It's commonly said that cooked fruits and vegetables are not as good for you as raw ones. Is this statement true? Find out on today's Moment of Science.
It's true that, when cooked, vegetables tend to loose some of their vitamins and minerals. However, some research shows that tomatoes in particular are actually better for you cooked rather than raw. You're right that cooking tomatoes reduces their vitamin content. Tomatoes, known for being rich in vitamin C, can lose ten to thirty percent of that vitamin C through the cooking process.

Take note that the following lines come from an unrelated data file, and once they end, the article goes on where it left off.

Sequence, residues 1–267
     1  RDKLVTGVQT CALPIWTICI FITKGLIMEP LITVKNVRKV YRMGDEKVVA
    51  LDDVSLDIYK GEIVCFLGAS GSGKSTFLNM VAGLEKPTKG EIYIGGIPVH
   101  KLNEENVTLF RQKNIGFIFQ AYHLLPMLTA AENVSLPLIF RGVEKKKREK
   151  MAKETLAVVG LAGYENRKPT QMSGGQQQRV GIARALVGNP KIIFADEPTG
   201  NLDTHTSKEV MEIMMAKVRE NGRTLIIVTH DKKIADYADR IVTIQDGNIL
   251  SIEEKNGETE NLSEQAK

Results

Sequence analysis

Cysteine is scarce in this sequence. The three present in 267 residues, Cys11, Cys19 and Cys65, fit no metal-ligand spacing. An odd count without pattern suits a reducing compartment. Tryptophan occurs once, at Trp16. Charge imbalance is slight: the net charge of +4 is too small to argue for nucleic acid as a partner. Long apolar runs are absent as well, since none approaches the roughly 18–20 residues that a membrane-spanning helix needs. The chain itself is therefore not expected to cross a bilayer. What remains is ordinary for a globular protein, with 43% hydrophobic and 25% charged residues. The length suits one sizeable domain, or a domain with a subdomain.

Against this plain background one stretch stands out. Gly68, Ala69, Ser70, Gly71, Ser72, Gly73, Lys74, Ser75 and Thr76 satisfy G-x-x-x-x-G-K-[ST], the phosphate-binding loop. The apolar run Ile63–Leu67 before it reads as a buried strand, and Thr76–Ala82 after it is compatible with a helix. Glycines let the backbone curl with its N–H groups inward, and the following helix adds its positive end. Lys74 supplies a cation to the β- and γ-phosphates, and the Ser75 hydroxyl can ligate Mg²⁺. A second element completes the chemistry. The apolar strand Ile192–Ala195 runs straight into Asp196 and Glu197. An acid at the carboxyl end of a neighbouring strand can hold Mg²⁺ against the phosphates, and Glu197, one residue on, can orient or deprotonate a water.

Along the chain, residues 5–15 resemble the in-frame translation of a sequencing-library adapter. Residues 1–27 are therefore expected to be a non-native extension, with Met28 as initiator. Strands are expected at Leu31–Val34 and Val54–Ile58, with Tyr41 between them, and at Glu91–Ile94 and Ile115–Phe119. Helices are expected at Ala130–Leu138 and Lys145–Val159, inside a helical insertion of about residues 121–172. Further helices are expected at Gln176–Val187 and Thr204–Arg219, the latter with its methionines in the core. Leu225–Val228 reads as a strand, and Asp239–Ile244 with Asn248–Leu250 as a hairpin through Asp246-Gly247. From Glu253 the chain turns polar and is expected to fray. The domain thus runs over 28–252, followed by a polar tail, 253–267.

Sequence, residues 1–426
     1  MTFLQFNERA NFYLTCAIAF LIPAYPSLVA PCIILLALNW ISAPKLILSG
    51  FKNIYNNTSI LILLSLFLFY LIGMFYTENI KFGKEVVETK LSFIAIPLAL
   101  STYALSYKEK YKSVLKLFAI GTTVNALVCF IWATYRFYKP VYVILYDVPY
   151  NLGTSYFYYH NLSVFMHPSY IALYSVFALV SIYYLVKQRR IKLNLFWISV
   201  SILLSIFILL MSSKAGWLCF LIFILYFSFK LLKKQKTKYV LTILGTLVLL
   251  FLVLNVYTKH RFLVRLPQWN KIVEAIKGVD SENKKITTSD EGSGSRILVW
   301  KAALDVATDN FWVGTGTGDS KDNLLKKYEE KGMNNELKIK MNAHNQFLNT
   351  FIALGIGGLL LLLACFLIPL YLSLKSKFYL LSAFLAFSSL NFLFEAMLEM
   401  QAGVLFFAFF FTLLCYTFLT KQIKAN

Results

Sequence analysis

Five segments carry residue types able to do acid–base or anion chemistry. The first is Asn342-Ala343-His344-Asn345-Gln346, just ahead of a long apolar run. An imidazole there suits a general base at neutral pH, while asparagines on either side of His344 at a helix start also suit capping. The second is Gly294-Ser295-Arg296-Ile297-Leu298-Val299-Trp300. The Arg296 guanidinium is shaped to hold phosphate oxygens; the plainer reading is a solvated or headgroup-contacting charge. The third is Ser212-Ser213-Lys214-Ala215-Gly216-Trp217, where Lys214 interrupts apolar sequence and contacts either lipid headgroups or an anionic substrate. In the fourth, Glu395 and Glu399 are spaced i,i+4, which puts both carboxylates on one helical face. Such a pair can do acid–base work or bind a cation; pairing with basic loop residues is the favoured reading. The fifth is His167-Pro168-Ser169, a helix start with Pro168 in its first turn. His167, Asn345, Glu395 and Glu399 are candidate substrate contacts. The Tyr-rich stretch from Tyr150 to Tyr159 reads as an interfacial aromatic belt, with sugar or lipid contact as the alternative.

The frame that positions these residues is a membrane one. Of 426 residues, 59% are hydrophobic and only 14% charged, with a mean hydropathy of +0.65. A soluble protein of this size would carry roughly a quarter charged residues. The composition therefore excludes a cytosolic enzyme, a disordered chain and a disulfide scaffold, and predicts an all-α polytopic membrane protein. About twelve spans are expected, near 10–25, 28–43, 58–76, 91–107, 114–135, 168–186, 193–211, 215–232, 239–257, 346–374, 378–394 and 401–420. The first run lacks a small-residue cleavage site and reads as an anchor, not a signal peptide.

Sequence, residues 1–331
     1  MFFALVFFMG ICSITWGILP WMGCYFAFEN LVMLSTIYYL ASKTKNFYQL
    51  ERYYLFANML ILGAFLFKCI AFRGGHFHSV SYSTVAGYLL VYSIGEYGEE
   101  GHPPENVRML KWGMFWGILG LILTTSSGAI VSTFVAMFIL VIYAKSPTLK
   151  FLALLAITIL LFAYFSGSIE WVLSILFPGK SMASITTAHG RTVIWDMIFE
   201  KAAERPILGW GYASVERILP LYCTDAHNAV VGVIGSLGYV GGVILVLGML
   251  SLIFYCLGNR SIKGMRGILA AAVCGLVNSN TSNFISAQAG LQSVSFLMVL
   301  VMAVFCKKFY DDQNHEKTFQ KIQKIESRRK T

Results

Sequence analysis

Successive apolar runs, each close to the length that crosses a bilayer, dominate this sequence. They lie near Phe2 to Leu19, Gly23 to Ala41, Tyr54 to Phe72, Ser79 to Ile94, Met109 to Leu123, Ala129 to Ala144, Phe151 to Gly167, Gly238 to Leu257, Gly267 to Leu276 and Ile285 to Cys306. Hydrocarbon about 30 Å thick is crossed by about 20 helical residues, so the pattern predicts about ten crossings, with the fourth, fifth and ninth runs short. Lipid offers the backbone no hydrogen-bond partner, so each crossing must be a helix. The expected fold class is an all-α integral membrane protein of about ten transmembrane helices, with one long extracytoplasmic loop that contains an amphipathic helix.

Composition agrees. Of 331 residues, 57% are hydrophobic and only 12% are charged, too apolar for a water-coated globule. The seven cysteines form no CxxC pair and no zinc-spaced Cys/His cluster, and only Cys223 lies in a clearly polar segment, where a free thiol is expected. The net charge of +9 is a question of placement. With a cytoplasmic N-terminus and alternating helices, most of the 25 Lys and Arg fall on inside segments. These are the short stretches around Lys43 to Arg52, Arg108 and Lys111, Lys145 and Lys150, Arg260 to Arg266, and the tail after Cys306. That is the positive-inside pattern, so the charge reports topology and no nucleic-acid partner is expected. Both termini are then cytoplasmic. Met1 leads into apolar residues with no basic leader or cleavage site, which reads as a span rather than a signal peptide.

On the bright side, cooking tomatoes greatly increases their levels of a compound called lycopene, which gives tomatoes their red color. Lycopene is an antioxidant. Antioxidants protect the body from cell and tissue damage which can lead to cancer. Lycopene specifically is known for decreasing the risk of heart-disease. Thus, lycopene, as well as antioxidants in general, are an important part of the diet.
Further research might greatly change the way we think about and consume fruits and vegetables. We might discover reasons to feel just as good about ourselves for eating cooked fruits and vegetables as we do for eating raw ones.